Colorado Water Congress: Annual summer meeting

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From the Steamboat Pilot & Today (Zach Fridell):

[Mike Gillespie, the snow supervisor for the Natural Resources Conservation Ser­vice] reported about the state of Colorado snowpack throughout the past year at the Colorado Water Congress’ summer conference, held at the Steamboat Sheraton Re sort from Wednesday to noon today. “People start getting a little antsy” when early season snow is below normal levels, he said. “Then, lo and behold, the following month (December) or so we saw huge increases in the snowpack. We accumulated about a quarter of our normal average in the 30 days after that time.” That shot the snowpack from near the minimum to above the 30-year average for several months.

Statewide, snowpack was 17 percent above the 30-year average last year. For the Yampa and White River Basin, April 13 was the peak date, at 14 percent above the 30-year average. That’s one day later than the average high point in other years, indicating the snow was sticking slightly longer.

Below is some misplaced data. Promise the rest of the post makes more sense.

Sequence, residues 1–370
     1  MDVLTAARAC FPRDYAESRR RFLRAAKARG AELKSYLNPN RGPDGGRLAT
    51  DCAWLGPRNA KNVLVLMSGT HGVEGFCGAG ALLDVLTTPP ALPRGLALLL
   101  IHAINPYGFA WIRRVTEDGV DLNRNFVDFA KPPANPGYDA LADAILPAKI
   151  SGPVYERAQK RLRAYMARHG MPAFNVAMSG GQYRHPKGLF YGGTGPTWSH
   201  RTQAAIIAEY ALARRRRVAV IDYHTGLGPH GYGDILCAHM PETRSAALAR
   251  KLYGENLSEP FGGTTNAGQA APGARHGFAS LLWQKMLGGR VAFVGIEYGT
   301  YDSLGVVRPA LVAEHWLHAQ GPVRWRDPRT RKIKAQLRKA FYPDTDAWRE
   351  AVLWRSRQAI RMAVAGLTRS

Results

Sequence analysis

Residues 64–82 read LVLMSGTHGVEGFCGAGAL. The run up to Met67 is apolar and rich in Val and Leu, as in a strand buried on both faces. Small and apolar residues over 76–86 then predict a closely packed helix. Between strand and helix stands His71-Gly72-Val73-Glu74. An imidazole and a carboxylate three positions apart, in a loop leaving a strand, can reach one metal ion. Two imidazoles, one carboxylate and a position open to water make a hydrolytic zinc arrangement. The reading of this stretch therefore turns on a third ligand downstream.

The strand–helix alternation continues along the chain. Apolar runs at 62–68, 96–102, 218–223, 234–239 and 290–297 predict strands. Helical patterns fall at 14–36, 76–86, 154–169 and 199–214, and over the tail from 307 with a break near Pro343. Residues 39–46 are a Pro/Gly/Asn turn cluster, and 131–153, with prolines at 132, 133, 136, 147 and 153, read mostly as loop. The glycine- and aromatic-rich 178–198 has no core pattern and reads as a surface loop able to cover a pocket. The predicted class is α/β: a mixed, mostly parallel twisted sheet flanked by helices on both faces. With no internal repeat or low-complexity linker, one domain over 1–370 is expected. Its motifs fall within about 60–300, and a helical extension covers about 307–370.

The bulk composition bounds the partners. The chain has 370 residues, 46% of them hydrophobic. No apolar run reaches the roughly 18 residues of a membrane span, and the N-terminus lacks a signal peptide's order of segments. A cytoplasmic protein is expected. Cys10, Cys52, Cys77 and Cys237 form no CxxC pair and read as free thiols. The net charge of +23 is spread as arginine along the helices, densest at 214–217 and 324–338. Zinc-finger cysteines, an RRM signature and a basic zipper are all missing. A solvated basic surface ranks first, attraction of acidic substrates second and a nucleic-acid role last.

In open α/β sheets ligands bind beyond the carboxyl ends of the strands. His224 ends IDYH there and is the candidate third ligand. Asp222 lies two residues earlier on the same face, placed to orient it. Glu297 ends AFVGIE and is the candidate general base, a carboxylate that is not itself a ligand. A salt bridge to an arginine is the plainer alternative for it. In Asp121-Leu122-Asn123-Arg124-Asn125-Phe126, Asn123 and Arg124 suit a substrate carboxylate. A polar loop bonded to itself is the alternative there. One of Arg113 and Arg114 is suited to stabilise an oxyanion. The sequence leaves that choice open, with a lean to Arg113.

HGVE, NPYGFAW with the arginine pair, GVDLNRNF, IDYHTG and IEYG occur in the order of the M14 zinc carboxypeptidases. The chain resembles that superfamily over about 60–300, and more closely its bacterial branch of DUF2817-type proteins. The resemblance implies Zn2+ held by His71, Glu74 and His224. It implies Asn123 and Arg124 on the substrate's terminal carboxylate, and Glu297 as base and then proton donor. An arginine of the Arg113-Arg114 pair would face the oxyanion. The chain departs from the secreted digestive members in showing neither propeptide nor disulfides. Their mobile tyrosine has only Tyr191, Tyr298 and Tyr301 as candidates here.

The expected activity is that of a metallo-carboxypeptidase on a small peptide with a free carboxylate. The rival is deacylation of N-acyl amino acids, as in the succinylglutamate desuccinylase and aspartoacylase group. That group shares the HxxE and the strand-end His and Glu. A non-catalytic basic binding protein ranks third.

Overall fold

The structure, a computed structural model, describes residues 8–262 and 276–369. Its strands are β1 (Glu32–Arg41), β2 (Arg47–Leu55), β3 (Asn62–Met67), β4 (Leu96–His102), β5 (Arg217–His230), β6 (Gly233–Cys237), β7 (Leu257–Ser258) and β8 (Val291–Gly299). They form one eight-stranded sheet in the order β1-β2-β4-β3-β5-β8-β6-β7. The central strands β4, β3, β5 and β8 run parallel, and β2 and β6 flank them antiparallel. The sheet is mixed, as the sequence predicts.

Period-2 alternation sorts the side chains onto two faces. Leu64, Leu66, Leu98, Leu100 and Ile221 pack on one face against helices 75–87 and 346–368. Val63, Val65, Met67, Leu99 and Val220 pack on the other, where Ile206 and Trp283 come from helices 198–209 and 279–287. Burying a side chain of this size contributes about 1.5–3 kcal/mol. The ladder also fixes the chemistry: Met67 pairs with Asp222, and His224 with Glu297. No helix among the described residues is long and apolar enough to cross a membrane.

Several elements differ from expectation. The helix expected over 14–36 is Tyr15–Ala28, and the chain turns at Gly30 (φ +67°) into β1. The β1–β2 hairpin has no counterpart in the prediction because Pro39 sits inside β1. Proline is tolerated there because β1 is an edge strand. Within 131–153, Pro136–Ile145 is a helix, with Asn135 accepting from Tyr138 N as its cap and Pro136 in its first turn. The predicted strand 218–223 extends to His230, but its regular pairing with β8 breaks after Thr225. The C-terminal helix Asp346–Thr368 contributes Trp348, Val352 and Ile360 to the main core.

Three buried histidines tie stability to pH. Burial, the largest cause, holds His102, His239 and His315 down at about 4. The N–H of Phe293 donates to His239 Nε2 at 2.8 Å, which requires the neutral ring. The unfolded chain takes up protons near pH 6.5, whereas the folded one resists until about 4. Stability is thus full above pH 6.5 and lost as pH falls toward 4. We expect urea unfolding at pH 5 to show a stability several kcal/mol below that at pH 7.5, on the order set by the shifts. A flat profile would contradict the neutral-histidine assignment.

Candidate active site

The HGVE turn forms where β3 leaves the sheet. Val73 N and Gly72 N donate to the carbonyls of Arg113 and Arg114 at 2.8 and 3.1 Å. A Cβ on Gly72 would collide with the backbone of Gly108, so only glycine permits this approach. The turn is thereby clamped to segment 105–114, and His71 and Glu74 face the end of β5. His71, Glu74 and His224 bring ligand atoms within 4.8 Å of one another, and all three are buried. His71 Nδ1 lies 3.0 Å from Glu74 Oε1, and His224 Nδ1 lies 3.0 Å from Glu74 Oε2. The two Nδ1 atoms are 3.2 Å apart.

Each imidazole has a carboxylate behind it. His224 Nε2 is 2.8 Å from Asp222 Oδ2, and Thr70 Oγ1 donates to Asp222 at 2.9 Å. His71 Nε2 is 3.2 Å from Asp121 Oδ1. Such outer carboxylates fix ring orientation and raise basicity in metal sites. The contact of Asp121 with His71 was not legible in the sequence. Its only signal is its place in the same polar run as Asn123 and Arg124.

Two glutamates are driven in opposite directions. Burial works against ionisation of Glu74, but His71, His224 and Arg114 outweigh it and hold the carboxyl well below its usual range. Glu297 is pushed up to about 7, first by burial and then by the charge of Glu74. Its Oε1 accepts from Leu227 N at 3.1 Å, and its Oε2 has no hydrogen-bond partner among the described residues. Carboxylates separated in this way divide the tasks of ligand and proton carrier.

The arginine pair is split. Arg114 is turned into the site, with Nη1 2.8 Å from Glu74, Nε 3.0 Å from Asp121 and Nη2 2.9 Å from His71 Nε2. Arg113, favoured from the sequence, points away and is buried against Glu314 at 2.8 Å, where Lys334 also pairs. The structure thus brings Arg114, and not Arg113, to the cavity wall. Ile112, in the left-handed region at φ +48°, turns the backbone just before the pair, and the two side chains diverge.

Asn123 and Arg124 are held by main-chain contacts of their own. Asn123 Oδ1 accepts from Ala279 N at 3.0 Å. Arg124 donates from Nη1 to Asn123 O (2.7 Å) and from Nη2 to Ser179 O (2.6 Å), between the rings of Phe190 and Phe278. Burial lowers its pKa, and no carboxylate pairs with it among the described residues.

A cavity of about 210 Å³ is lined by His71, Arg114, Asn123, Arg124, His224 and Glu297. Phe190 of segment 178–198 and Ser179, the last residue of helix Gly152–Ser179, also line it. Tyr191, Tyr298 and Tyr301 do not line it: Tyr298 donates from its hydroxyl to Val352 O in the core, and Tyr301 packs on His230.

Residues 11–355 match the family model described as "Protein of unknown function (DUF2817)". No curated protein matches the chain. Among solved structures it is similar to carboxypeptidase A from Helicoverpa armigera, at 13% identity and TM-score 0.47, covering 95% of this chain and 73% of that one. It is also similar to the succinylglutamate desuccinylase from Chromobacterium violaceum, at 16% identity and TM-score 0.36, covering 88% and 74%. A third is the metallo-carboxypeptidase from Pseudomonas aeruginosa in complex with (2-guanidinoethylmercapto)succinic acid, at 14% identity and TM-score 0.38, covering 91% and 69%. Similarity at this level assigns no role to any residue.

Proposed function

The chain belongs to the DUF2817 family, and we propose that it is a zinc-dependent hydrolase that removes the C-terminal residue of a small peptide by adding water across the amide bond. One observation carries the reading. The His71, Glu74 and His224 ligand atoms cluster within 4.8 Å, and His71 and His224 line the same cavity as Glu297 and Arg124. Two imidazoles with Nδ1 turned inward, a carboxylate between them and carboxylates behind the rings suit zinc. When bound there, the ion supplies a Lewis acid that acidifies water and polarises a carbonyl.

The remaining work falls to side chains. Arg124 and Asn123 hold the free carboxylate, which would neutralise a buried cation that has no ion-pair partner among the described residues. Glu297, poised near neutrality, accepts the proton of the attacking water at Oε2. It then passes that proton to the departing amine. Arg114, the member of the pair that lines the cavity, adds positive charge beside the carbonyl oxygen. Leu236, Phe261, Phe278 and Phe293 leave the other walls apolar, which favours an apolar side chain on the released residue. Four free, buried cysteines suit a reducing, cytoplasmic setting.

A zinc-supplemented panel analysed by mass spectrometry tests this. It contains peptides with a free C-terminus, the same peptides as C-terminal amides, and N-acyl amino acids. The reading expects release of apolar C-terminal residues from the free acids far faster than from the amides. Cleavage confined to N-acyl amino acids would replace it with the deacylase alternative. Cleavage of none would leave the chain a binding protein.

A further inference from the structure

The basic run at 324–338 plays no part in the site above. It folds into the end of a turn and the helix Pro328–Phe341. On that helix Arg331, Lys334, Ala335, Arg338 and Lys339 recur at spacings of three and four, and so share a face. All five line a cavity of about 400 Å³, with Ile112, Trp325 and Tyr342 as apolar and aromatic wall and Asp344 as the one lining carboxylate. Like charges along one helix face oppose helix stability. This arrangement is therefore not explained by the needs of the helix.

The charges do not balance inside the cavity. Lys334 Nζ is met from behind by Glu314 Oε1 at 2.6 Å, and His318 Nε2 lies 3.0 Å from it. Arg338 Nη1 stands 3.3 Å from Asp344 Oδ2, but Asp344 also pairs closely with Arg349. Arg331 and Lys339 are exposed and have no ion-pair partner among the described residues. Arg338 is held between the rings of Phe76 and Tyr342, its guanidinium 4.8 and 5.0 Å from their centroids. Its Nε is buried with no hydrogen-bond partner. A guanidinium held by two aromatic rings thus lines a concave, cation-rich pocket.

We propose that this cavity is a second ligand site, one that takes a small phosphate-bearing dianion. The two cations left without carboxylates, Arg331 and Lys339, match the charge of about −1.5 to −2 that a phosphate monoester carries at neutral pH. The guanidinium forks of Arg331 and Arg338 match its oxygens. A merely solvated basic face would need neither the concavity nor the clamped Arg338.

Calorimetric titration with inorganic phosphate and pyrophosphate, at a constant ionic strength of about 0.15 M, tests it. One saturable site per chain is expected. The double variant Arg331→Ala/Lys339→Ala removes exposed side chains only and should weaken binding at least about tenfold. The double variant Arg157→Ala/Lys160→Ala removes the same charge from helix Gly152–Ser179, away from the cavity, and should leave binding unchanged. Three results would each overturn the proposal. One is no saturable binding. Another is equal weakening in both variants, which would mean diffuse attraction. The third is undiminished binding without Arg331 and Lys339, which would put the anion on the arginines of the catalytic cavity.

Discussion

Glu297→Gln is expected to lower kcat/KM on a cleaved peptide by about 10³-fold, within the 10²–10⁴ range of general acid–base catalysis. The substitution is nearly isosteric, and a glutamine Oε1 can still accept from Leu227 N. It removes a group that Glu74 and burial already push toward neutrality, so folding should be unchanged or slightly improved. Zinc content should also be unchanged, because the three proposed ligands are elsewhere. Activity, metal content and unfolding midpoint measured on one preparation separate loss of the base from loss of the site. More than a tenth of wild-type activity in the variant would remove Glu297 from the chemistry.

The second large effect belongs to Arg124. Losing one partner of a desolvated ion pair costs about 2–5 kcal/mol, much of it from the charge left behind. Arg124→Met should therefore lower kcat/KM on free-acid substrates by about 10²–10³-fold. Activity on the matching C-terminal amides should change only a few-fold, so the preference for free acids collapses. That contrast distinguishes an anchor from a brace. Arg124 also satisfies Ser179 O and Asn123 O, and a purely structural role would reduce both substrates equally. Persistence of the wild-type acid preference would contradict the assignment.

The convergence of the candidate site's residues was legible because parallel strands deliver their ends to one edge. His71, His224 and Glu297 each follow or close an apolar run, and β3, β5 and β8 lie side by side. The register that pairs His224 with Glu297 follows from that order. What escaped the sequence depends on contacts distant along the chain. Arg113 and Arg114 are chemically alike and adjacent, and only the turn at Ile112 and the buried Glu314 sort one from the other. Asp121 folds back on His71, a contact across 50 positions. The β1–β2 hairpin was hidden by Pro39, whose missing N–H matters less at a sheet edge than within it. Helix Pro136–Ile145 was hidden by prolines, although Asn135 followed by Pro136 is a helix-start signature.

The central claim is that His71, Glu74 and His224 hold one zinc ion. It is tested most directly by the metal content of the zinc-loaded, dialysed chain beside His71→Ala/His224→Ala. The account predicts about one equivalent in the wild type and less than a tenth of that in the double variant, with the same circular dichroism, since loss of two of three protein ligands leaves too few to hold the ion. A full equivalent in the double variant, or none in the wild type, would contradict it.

Montrose: Gunnison Tunnel 100th year celebration

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Montrose is gearing up for their celebration of 100 years of operation of the Gunnison Tunnel, from The Delta County Independent. From the article:

Celebrating 100 years of water provided by the Gunnison Tunnel, the Uncompahgre Valley Water Users Association (UVWUA) invites Montrose, Olathe and Delta community members and all Coloradoans, to join in fun activities culminating with the celebrations and ceremonies in Montrose at UVWUA headquarters on Saturday, Sept. 26…

Association manager Marc Catlin said the benefits of the tunnel to the Uncompahgre Valley cannot be overstated. “Opening the Gunnison Tunnel and then delivering the water to growers made this valley green while attracting a thriving population,” said Catlin. According to U.S. Census Bureau data, the populations of both Delta and Montrose counties more than doubled between 1900, which the idea was first developed, and 1910, one year after the tunnel was completed. The data show that the decade of 1900-1910 saw the most significant population growth in the valley, ever.

More Gunnison Basin coverage here.

Ridgway to hike water and sewer rates

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From The Telluride Watch (Gus Jarvis):